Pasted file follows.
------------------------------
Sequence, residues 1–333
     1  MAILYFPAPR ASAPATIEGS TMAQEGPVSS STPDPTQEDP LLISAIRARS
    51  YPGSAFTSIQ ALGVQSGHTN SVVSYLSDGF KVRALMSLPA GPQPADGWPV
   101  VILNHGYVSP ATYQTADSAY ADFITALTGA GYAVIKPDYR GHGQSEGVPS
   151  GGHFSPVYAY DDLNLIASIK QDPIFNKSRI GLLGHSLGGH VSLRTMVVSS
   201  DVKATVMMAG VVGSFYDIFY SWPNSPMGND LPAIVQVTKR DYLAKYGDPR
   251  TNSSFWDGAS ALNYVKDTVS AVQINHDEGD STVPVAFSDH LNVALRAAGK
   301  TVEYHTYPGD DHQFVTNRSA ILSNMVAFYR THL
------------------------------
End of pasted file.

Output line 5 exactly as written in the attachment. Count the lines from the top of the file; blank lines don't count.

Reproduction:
   151  GGHFSPVYAY DDLNLIASIK QDPIFNKSRI GLLGHSLGGH VSLRTMVVSS